I do mainly portrait photography and fashion.

If you guys could give me some feedback from your cameras or advices i would appreciate.

Thanks
Hi ill edit this post more when I'm in front of my pc but I owned both
 
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#8
I am thinking getting a new camera but i am kinda between canon 5d mark iv and sony a7riii.
I think it's down to the cost, you buy the 5D IV and you're done but if you buy the Sony you also need to buy whatever lenses and accessories you want on top so realistically you'll spend twice as much to get the Sony setup.

The Sony does have a lot going for it but is it enough you're willing to pay that kind of premium for?
 
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Riz
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#9
I would put the Sony A7 III into the mix for the better AF, Eye-AF and FPS abilities over the Sony A7R III.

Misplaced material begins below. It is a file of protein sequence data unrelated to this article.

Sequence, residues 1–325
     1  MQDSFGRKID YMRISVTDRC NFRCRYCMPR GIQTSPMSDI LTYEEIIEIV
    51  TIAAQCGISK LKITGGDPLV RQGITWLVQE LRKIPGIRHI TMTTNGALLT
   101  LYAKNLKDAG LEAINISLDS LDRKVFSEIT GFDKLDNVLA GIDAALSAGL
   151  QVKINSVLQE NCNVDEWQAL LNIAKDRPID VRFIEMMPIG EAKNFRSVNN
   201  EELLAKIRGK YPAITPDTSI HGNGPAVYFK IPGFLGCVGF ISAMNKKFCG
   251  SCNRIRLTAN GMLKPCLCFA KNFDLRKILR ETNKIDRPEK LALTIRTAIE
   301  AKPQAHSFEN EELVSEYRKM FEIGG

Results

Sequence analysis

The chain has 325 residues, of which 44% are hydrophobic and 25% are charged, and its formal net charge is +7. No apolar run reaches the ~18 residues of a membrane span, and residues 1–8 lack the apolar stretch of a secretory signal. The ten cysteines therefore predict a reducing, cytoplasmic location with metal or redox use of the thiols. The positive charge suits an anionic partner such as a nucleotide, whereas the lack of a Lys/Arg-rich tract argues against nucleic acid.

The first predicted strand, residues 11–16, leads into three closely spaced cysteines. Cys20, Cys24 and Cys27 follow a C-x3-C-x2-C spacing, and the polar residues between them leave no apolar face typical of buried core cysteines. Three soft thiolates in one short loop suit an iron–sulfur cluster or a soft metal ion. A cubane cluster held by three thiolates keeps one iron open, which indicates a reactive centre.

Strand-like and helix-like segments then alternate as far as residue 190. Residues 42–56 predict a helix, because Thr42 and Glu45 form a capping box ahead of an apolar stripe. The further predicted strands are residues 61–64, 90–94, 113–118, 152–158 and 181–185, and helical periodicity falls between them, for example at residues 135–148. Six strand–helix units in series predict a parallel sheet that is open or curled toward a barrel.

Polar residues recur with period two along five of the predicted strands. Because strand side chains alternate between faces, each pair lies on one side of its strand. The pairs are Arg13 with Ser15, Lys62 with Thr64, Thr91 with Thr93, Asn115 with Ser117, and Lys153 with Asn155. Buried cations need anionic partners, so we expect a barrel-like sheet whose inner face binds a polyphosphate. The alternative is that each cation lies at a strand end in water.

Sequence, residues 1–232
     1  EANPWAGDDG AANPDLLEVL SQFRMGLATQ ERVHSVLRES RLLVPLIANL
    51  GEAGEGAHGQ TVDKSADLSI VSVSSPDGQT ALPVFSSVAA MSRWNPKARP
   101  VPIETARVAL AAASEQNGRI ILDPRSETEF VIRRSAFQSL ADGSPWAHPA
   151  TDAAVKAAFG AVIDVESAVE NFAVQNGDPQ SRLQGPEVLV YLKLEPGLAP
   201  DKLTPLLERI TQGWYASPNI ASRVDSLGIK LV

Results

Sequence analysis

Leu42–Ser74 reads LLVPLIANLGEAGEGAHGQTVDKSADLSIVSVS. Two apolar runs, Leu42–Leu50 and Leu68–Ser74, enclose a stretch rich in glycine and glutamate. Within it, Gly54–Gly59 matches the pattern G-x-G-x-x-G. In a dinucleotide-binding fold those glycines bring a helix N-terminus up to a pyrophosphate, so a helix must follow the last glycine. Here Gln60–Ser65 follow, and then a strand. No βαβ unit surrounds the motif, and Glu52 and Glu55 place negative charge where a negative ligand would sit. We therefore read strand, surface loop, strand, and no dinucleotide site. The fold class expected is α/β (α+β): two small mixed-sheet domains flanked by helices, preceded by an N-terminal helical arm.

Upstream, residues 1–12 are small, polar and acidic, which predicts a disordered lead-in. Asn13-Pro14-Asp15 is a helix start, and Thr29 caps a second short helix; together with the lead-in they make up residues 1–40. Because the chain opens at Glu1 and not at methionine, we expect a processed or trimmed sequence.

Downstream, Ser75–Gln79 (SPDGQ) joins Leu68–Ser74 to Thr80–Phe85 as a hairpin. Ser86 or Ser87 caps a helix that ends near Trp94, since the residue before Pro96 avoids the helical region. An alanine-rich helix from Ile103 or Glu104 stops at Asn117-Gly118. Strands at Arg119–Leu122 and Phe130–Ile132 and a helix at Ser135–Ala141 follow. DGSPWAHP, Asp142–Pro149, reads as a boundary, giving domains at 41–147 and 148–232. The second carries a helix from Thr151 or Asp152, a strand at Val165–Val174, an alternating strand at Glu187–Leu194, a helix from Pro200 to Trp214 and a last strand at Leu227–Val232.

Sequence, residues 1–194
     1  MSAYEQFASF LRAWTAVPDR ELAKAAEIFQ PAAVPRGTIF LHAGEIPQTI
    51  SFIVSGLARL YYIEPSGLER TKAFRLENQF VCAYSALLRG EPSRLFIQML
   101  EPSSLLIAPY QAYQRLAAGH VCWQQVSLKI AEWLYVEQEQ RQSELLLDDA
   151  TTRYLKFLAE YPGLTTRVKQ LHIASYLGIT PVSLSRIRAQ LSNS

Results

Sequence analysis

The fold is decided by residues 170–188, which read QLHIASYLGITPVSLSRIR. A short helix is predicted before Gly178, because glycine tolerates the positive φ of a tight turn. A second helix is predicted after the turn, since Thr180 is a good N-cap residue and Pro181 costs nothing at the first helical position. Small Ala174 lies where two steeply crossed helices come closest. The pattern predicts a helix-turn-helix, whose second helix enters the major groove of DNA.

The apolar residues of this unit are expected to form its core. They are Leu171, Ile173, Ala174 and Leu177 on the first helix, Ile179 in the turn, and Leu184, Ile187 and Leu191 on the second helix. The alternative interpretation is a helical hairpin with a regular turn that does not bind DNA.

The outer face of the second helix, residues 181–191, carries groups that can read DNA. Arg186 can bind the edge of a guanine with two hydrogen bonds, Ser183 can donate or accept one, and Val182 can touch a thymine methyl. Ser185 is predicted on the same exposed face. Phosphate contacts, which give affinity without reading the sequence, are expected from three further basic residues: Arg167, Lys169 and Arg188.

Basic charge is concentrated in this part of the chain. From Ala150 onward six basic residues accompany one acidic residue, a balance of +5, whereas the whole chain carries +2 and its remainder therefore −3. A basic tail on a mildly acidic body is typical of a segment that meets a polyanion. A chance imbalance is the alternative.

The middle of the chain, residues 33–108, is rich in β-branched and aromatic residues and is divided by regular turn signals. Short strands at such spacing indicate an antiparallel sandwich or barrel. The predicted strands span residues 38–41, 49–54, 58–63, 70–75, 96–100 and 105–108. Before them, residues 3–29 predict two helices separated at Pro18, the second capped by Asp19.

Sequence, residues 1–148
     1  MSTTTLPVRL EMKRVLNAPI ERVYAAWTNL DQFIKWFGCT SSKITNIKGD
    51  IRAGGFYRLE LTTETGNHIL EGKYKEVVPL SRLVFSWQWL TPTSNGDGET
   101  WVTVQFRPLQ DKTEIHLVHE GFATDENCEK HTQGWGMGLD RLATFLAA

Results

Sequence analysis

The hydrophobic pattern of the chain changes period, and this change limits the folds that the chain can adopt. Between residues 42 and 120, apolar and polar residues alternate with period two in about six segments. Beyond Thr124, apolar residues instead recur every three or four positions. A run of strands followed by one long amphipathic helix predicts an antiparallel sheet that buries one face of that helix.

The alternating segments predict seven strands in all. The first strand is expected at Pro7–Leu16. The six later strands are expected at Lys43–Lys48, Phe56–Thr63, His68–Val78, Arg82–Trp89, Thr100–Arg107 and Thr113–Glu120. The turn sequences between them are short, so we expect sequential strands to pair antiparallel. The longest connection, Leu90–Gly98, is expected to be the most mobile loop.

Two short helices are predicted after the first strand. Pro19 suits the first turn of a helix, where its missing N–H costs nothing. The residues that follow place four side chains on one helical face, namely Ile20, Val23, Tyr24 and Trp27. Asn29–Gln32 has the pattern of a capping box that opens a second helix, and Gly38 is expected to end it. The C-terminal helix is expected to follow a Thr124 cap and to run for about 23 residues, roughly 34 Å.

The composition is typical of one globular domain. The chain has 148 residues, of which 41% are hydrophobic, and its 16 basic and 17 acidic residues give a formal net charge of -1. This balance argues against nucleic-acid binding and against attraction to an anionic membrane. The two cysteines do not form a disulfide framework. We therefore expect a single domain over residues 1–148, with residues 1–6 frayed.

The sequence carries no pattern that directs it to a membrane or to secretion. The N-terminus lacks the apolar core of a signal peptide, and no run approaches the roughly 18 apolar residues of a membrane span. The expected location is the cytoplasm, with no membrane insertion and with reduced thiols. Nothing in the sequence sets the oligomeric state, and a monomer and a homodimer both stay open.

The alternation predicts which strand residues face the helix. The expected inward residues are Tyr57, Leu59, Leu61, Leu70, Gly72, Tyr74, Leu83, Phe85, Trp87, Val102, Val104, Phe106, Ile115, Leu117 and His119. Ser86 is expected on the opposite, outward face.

The Canon your looking at is 30mp, I don't feel its a big jump from the Sony A7 III's 24mp sensor to 30mp.
If you really need the higher resolution that the Sony A7R III offers, then it’s the option to go for.
A lot people forget that yes, a good photographer can get by with DSLR's with no Eye-AF and a small spread of AF points....... but for me, all the mirrorless features make taking the money shot easier and quicker.... gone are the days when you had to faff about with a AF joystick etc.
Time saved via the new mirrorless features results in more time focusing on getting great images.
 
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7,677
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#10
OK IM BACK.

Bit of background.

I bought both the 5d4 and a7r3 at launch and sold the 5d4 last year and shoot primarily portaits with both

5d4
Jordan-Ebbitt Shoot-227.jpg
by Jon Richy, on Flickr

a7r3
TaniaShootTwo-318.jpg
by Jon Richy, on Flickr

Both produce sensational portait shots as you can see above with the 5d4 having a tiny slight edge when it comes to skin tones.

Here are the pros of the 5d4 over the a7r3:

slightly better skin tones
More robust hotshoe mount
Cheaper option as you pay just for this body vs a complete switch of systems

Now here are the pros of the a7r3 vs 5d4

More details(mp count)
evf with setting effect off means you can see in a dark studio (typical when you want to kill all ambiant lights)
Eye AF